An easy way to introduce children to nature is through the practice of organic gardening. Such practices include working with nature to promote safer, more sustainably grown and nutrient dense food, while helping to protect our wildlife, soil, water, farmers, and ultimately the health of future generations. Because organic gardening is an action-oriented activity, it helps children to channel their energy in positive and constructive ways. Gardening can be an educational tool for children because it helps them develop cognitive skills such as problem solving, a sense of responsibility and purpose, as well as improved focus and patience. Many aspects of organic gardening can be therapeutic for children by improving self-esteem, confidence and interpersonal relationships. When adults and children garden together, it is well known that children feel more useful, productive and possess a profound sense of belonging. Organic gardening and playing outside teaches children how to nurture and respect all life forms, from the tiniest insect to their gardening helpmates. The mind and spirit of a child is a lot like wet cement. When a child is young, it takes little effort to make an impression that can last a lifetime.
Think about what it means to be a child growing up in today’s media driven society, inundated with technologies that distract them from a close connection with nature and their community. We are spending more time communicating with each other through cell phones and computers, rather than quality face-to-face time with our friends and family. Nature captivated the imagination of older generations, but now many of our youth are lured indoors with a bombardment of media driven messages telling them what to wear and how to live. We’ve become disconnected with our natural areas, whether it is a garden, woodland, field or ponds edge, and many do not even realize what they are missing. One of the greatest benefits of gardening and of unstructured outdoor recreation is that it doesn’t cost anything. Because organic gardening and nature exploration are free, or very inexpensive, there is no major economic interest involved. Rather than allowing media to manipulate and define our youth with profit focused messages of self absorbed materialism, let us help to guide our youth towards the ever enriching outdoors, filled with adventure and age-old positive life lessons.
Organic gardening helps children to develop practical skills that they can use throughout their lives, while reducing their exposure to dangerous and persistent garden chemicals, such as pesticides and synthetic fertilizers. More crucial now than any other time in history, we need to help reduce our children’s risk of exposure to harmful pesticides, which have been directly linked to ADHD and childhood cancer. While gardening organically, children are able to learn about plants, their environment and themselves. It begins now, here, and with you! We can all help to positively impact our youth by trying some of the suggestions below:
1. Build an edible organic garden together. Help to plan, plant, maintain, harvest, prepare and eat the fruits and vegetables that you grow together. Teach the children about the health benefits of eating more fruits and vegetable grown organically. Let the children help make decisions regarding what to grow, and guide them to patiently and steadily culture the garden to final harvest. Take time together to savor the sweet, dripping flavor of your own summer plucked watermelon, or of the fresh picked asparagus stalks which can be easily snapped at ground level by hand and eaten raw. There are many edible and equally ornamental trees, shrubs, vines, perennials, vegetables and herbs, so it can be very exciting to explore new fruits, nuts, flowers, herbs, veggies and berries that could enhance your child’s gardening and culinary experience. If you do not have land or gardening knowledge, let the children join a farming camp at your local not-for-profit learning farm such as Gorman Farm (http://www.gormanfarm.org/) , Green Acres (http://www.green-acres.org/GAF_sitepages/GAF_MAIN/GAF_MAIN-Home.html) and Turner Farm (http://www.localharvest.org/turner-farm-M343).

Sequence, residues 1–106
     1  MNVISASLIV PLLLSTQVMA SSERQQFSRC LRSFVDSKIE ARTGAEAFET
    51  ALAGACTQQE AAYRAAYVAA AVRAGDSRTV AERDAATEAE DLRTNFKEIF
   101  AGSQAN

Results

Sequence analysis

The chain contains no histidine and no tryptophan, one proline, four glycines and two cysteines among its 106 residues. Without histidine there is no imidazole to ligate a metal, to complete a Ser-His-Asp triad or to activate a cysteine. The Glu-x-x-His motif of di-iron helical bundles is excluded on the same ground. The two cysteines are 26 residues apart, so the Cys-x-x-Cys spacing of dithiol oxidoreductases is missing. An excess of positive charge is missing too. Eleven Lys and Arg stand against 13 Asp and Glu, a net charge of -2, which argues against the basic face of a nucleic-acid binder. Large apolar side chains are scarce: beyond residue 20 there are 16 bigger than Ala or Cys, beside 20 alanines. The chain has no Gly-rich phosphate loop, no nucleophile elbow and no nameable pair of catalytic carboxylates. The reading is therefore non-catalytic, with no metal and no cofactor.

2. Construct a compost pile together. Collect kitchen scraps, garden debris, lawn clippings, fallen leaves and animal manure from local livestock farms (if available), and mix all ingredients in a pile, tumbler, bin or other compost containment system. Allow children to see, touch and smell each material before it is incorporated into the compost pile, and then let them help to turn (or tumble) the compost to speed up decomposition. Once the compost is well broken down into a usable garden amendment, show the children how to incorporate compost into the soil around plants, making sure they get to work with their hands as much as possible. Children love learning that soil is alive and that we shouldn’t treat it like dirt.
3. Plant native Ohio flora in your yard and community together to encourage wildlife. From birds, bees, bats, butterflies and other bugs, children can help you integrate plants that predate European settlement in our area, many of which help cater to our abundance of local wildlife. By spending more time outdoors, children will begin to see and enjoy the infinite wonders our wild natural world has to offer. Television, computers and video games will never replace the enchanting chorus of frogs and toads belching in harmony along the rim of a muddy pond, or the song of a myriad of migrating birds as they flutter effortlessly amid the tree canopy of colorful autumn foliage. By learning to enjoy plants and wildlife, children become more competent and confident and are more likely to protect and preserve nature as they get older.